The Great Nurdle Hunt February 2017
People: “What are you doing this weekend?”
Nic & James: “Going nurdle hunting”
People: *strange looks*
Most People Have Never Heard of a Nurdle
Not surprising really, they’re not exactly noticeable, and hunting them requires you to be on hands and knees with your face inches away from the ground.
These teeny tiny plastic pellets are no bigger than a lentil, but pose a HUGE threat to our marine ecosystem. Countless billions are used each year in all types of plastic manufacturing processes. Pour them into a plastic moulding machine, heat them up until they melt and then squeeze them into a mould - hey presto - every plastic product you can imagine. Mishandling by the plastics industry and spills at sea are the main reason they end up in the ocean.
The Messy Problem of Marine Debris...
...has been highlighted in the media these last few weeks. It’s a problem that’s not going to disappear any time soon – plastic does not completely degrade. It just breaks down into smaller and smaller pieces. And it’s these small pieces, along with nurdles, that get eaten by marine life.
180 species of marine animals including, mammals, birds, fish and invertebrates have been found to have ingested plastic. Unfortunately, nurdles look a lot like fish eggs – a favourite food of many marine animals. They can get trapped in the animal's stomach causing ulceration, making them feel full and stopping them eating real food. It is also very likely that highly toxic chemicals on the surface of the plastic transfer into the food chain. Unfortunately, humans are at the top of this chain. Any toxins present will eventually make their way into our food.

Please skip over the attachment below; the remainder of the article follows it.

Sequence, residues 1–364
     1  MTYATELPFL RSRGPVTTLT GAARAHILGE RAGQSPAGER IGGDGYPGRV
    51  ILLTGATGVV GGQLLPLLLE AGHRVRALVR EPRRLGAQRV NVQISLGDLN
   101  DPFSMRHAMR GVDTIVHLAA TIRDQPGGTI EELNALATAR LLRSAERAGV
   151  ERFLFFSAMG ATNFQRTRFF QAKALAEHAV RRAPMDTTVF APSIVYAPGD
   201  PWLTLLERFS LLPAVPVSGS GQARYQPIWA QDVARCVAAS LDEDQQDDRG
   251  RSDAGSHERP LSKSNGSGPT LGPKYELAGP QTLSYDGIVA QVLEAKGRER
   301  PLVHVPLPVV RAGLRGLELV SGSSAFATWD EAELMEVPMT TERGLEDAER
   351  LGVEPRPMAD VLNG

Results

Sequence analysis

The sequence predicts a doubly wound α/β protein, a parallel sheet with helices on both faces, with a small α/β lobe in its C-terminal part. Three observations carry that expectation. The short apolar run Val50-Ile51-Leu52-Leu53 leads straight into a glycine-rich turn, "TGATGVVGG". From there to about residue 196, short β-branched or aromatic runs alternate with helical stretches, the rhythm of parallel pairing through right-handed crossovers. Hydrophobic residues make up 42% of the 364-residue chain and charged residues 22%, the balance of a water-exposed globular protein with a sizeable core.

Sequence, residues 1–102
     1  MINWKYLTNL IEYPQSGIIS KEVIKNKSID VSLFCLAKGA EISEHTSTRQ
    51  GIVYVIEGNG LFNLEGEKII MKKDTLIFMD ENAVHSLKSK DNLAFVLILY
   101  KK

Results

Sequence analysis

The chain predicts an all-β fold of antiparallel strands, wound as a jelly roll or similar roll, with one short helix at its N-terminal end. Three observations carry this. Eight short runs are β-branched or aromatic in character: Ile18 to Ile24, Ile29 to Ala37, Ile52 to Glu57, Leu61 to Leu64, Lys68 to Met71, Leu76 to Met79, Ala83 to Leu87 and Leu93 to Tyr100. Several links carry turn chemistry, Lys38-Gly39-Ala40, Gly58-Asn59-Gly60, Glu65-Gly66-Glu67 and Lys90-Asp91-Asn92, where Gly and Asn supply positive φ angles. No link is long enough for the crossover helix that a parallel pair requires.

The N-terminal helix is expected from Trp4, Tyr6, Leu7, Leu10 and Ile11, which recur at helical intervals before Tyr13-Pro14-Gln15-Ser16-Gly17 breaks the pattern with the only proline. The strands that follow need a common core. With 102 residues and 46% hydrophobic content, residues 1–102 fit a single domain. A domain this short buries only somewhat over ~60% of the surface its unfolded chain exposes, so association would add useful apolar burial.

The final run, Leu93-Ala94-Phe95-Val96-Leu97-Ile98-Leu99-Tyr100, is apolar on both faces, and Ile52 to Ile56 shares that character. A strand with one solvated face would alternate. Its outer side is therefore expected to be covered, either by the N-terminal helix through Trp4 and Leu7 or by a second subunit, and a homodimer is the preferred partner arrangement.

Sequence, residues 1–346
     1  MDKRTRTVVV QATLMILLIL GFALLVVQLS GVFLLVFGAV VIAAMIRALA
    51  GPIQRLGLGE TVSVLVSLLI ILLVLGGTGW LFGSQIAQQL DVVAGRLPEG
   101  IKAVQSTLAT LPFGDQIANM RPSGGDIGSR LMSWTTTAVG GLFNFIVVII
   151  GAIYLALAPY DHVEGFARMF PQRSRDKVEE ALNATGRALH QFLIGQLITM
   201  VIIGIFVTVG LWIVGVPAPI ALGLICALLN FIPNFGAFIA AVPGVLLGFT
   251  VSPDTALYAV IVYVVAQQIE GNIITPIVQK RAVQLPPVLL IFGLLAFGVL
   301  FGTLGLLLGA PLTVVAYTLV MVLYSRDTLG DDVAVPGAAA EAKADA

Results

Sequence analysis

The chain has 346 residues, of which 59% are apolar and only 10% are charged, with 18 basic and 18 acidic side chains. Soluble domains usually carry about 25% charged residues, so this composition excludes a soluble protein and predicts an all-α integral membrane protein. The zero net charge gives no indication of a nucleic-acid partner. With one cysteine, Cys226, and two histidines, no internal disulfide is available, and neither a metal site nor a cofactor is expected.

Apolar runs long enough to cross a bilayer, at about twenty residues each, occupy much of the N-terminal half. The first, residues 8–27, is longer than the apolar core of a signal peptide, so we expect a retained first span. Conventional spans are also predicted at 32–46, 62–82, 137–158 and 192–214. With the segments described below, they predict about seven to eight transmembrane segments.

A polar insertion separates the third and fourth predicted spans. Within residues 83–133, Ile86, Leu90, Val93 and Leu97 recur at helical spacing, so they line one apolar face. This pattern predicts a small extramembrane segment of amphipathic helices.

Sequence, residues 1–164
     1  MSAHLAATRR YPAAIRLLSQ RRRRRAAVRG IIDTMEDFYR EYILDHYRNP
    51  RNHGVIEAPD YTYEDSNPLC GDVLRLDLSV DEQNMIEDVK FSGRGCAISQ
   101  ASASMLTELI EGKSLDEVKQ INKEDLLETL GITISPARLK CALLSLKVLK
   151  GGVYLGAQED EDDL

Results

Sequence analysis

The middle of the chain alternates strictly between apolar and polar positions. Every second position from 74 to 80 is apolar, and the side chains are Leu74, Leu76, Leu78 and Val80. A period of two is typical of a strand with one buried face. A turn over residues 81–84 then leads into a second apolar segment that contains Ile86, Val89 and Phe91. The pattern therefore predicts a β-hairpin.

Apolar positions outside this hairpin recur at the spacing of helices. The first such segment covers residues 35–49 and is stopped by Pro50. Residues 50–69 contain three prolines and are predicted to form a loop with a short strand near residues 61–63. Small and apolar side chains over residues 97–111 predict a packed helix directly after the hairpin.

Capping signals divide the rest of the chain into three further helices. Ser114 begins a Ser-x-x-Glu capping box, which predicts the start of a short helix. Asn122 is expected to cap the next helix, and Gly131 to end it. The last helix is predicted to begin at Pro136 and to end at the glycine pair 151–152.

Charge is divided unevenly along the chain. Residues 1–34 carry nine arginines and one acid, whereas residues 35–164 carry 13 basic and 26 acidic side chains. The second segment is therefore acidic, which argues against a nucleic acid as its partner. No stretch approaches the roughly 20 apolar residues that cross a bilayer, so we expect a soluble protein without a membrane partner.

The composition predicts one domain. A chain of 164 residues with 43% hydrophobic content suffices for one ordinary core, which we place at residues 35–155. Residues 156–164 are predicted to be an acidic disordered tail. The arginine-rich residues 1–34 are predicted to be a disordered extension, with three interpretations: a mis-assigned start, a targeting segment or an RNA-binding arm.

Nurdles look a lot like these herring eggs
The Power of Citizen Science
Citizen science is becoming an extremely important method for gathering evidence and information on environmental issues. The Great Nurdle Hunt’s Nurdle Map shows reports from volunteers around the country (and beyond!). If you zoom in on the North East, you can see that even our beautiful beaches, that look relatively clean, hold evidence of pesky nurdles.
Nic and James visited Blyth Beach for their hunt. It took a while to find them. As they walked along the sand towards Seaton Sluice, they started to find more and more on the strand line. They also took a bucket to collect the larger bits of litter as they went.
In 45 minutes, they found 63 nurdles. A relatively low number compared to some beaches in the area, but definite proof that there is a problem in South Northumberland.
The Great Nurdle Hunt is an annual event. By taking part and submitting evidence, we can help drive changes in policies to stop plastic companies from having a detrimental effect on our precious marine environment. Plus... it’s great fun!